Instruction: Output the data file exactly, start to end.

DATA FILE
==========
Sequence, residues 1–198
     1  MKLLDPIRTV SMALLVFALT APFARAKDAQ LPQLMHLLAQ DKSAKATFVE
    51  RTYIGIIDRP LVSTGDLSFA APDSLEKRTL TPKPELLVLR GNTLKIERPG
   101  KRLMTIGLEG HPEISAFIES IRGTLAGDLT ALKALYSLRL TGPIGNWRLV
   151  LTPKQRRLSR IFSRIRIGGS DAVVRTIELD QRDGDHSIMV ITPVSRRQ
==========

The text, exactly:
Sequence, residues 1–198
     1  MKLLDPIRTV SMALLVFALT APFARAKDAQ LPQLMHLLAQ DKSAKATFVE
    51  RTYIGIIDRP LVSTGDLSFA APDSLEKRTL TPKPELLVLR GNTLKIERPG
   101  KRLMTIGLEG HPEISAFIES IRGTLAGDLT ALKALYSLRL TGPIGNWRLV
   151  LTPKQRRLSR IFSRIRIGGS DAVVRTIELD QRDGDHSIMV ITPVSRRQ